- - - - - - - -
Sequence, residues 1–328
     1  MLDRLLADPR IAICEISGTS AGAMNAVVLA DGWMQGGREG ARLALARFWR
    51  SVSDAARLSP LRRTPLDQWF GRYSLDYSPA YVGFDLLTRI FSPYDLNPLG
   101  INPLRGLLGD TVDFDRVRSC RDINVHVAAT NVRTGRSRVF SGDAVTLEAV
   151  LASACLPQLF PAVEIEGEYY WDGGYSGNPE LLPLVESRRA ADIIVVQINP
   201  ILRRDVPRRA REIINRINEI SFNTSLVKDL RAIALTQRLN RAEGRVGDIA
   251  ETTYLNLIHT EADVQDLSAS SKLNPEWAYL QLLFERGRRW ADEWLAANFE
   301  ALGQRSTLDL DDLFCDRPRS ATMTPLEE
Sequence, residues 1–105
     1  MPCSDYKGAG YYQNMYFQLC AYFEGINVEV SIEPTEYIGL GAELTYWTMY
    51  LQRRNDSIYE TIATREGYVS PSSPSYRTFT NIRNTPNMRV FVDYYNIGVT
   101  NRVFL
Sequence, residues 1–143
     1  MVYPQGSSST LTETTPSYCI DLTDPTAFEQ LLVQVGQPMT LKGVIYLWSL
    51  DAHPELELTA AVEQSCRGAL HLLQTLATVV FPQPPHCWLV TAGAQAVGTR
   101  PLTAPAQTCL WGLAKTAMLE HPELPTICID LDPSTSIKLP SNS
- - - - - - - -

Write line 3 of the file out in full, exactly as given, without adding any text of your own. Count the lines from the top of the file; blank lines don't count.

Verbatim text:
    51  SVSDAARLSP LRRTPLDQWF GRYSLDYSPA YVGFDLLTRI FSPYDLNPLG